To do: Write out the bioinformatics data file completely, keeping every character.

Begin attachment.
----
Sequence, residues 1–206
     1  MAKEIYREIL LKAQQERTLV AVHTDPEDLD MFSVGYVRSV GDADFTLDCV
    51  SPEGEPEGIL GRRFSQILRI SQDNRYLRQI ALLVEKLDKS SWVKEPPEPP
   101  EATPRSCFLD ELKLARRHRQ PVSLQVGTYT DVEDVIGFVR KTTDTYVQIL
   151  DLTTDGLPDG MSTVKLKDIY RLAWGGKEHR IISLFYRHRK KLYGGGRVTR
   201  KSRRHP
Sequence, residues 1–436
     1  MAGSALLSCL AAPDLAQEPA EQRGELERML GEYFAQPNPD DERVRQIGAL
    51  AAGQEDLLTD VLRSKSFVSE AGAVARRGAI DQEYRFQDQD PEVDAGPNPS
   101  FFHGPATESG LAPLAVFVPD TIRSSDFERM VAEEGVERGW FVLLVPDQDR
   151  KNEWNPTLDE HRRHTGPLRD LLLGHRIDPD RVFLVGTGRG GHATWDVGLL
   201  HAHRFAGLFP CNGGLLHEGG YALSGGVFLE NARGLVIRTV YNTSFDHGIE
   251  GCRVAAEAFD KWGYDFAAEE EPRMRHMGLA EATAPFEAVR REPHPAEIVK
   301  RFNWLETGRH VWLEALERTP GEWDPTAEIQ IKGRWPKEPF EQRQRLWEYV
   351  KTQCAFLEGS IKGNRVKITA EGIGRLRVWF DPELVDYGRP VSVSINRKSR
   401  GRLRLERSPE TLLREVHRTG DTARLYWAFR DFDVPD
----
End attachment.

Sequence, residues 1–206
     1  MAKEIYREIL LKAQQERTLV AVHTDPEDLD MFSVGYVRSV GDADFTLDCV
    51  SPEGEPEGIL GRRFSQILRI SQDNRYLRQI ALLVEKLDKS SWVKEPPEPP
   101  EATPRSCFLD ELKLARRHRQ PVSLQVGTYT DVEDVIGFVR KTTDTYVQIL
   151  DLTTDGLPDG MSTVKLKDIY RLAWGGKEHR IISLFYRHRK KLYGGGRVTR
   201  KSRRHP
Sequence, residues 1–436
     1  MAGSALLSCL AAPDLAQEPA EQRGELERML GEYFAQPNPD DERVRQIGAL
    51  AAGQEDLLTD VLRSKSFVSE AGAVARRGAI DQEYRFQDQD PEVDAGPNPS
   101  FFHGPATESG LAPLAVFVPD TIRSSDFERM VAEEGVERGW FVLLVPDQDR
   151  KNEWNPTLDE HRRHTGPLRD LLLGHRIDPD RVFLVGTGRG GHATWDVGLL
   201  HAHRFAGLFP CNGGLLHEGG YALSGGVFLE NARGLVIRTV YNTSFDHGIE
   251  GCRVAAEAFD KWGYDFAAEE EPRMRHMGLA EATAPFEAVR REPHPAEIVK
   301  RFNWLETGRH VWLEALERTP GEWDPTAEIQ IKGRWPKEPF EQRQRLWEYV
   351  KTQCAFLEGS IKGNRVKITA EGIGRLRVWF DPELVDYGRP VSVSINRKSR
   401  GRLRLERSPE TLLREVHRTG DTARLYWAFR DFDVPD